However, in my opinion, the new company would be a ripe candidate for a takeover.
This announcement looks to be good news for customers, who will benefit from the more commercial and competitive approach that Royal Mail will be able to make to the letters and parcels market. However, I question whether the fully privatised Royal Mail will be able to afford the urgent investment it needs; or whether it will ultimately need to find a buyer to secure its long term future.
Potential investors might not find Royal Mail shares to be as good a long-term investment as its current share price would seem. We have been warning for some time that Royal Mail faces some tough challenges, and these have not gone away. Royal Mail needs modernising urgently, its infrastructure is creaking; and the newly privatised company might find difficulty funding the urgent improvements needed.
It has just reported a 4% fall in letter volumes, and – as the recent demise of Whistl’s door-to-door letters service shows – it’s extremely hard to make money in the postal market today; due to the ever growing rise in emails, e-cards, etc. It’s hard to make money in a business which has to deliver a letter to the Highlands and Islands for the price of a stamp.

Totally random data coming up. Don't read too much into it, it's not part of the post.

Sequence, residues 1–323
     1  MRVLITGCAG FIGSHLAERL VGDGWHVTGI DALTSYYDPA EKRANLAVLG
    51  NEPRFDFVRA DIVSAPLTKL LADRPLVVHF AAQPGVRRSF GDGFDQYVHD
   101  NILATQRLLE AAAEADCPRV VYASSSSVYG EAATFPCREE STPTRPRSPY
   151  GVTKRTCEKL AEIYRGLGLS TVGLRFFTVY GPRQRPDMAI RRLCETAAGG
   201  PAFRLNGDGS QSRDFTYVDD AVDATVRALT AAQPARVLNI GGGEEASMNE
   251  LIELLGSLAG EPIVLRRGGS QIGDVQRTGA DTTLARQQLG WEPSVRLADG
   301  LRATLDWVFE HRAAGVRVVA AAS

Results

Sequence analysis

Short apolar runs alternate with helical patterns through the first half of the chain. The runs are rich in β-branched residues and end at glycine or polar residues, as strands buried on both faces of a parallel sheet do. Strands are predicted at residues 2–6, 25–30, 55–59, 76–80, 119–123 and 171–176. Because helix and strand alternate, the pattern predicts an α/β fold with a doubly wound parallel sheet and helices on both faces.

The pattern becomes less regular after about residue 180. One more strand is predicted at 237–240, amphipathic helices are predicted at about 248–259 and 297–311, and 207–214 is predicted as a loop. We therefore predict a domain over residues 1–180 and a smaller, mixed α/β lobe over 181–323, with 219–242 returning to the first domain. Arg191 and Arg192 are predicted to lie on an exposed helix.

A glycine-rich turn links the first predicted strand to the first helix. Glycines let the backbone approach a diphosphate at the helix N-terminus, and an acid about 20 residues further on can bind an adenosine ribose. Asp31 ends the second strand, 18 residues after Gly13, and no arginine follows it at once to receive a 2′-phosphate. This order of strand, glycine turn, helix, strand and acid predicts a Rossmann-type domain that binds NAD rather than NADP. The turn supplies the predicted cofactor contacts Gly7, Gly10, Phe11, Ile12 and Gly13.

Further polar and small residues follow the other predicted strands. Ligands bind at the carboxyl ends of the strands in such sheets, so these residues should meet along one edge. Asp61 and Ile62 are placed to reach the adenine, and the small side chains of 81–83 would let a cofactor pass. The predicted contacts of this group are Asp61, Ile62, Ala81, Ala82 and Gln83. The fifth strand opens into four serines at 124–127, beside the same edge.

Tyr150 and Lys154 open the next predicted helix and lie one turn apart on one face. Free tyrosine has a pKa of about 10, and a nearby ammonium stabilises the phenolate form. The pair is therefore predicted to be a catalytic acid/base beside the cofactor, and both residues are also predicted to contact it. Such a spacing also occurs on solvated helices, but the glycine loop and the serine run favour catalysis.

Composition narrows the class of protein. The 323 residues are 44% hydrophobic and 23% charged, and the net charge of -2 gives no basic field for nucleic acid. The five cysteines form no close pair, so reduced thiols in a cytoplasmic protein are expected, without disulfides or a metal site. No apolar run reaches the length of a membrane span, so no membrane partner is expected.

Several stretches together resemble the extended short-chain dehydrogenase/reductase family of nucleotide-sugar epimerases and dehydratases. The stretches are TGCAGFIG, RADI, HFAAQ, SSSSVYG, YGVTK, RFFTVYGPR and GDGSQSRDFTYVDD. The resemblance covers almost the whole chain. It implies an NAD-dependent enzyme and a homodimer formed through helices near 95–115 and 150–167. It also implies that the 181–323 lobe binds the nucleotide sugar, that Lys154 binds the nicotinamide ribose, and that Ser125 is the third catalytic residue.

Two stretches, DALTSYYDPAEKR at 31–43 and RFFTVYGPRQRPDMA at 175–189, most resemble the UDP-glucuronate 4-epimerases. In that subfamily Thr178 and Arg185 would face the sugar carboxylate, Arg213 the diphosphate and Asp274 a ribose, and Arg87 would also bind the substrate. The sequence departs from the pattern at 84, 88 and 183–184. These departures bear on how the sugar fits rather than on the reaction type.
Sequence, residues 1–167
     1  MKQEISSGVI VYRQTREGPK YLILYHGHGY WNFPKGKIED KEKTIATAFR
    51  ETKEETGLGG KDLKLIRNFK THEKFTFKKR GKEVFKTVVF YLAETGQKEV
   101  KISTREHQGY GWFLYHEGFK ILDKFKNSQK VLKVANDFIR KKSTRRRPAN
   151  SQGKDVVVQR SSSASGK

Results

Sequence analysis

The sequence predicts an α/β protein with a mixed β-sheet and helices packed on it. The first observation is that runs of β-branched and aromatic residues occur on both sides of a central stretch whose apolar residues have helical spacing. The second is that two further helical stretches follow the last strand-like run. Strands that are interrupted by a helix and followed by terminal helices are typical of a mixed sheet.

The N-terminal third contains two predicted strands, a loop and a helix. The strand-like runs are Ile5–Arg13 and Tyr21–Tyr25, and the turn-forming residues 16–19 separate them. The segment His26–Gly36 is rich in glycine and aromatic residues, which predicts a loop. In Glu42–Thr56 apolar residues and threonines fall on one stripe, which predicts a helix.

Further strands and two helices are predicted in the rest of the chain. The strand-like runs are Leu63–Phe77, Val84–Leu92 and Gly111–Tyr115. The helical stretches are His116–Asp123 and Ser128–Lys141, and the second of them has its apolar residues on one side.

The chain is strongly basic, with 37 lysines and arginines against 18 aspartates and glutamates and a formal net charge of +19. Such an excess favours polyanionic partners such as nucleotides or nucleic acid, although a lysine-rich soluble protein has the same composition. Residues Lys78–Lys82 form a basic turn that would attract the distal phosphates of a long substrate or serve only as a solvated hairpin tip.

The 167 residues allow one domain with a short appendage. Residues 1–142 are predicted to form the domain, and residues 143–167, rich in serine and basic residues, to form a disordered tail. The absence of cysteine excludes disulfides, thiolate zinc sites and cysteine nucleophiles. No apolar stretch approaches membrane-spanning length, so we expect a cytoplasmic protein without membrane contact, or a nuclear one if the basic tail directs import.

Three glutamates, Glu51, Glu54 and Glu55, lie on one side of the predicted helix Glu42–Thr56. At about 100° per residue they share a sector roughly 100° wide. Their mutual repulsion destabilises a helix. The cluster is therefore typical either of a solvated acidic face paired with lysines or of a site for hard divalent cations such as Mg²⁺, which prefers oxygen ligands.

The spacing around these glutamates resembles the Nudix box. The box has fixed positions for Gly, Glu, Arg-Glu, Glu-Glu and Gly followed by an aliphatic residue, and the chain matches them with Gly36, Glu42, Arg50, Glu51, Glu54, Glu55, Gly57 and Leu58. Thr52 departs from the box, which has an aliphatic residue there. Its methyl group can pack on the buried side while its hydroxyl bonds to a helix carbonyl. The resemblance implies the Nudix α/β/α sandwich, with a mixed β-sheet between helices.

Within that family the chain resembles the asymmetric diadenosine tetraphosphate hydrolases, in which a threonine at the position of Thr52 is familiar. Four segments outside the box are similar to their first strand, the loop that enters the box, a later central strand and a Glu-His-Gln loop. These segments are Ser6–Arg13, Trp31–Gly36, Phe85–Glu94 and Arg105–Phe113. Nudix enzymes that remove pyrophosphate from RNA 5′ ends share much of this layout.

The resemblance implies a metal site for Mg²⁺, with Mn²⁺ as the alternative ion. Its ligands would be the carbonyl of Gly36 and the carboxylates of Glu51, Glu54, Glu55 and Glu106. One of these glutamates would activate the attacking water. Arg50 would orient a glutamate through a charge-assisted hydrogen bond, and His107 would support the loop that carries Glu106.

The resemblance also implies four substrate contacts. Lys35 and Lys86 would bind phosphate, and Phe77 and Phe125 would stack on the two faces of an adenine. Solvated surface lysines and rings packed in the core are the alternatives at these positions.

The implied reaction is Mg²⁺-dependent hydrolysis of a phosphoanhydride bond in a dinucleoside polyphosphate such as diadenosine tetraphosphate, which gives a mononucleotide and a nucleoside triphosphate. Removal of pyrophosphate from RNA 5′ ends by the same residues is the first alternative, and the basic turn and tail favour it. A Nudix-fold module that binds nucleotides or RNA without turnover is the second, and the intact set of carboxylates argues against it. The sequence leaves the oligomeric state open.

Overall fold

Perhaps even more significantly Royal Mail’s parcel business, Parcelforce, is not growing in line with the market, because of a lack of innovation and competitiveness. Its parcels revenue growth of just 1% is very disappointing in a fast growing market, and until Royal Mail becomes more responsive to customer needs we fear they will continue to be the laggard in a sector that grew by 9.5% last year.
Royal Mail has a long and proud history; but it needs to invest significantly and innovate faster. There are a number of examples where Royal Mail needs to develop its offering more. ‘Click & Collect' access points, one-hour delivery slots and pro-active SMS notifications are all examples of innovations that are changing our market place. It’s hard to see how Royal Mail can go it alone and fund all of these urgent improvements.
In conclusion I must point out that it’s ironic that the parcels market ParcelHero operates in is booming as a result of the growth of internet based e-commerce, but the same technology has effectively sounded the death knell for the traditional service Royal Mail once delivered. On the initial privatisation there was much criticism that the shares were undervalued. We might hear the same thing again with the remaining 30%; but only time will judge how good a long-term investment Royal Mail really is.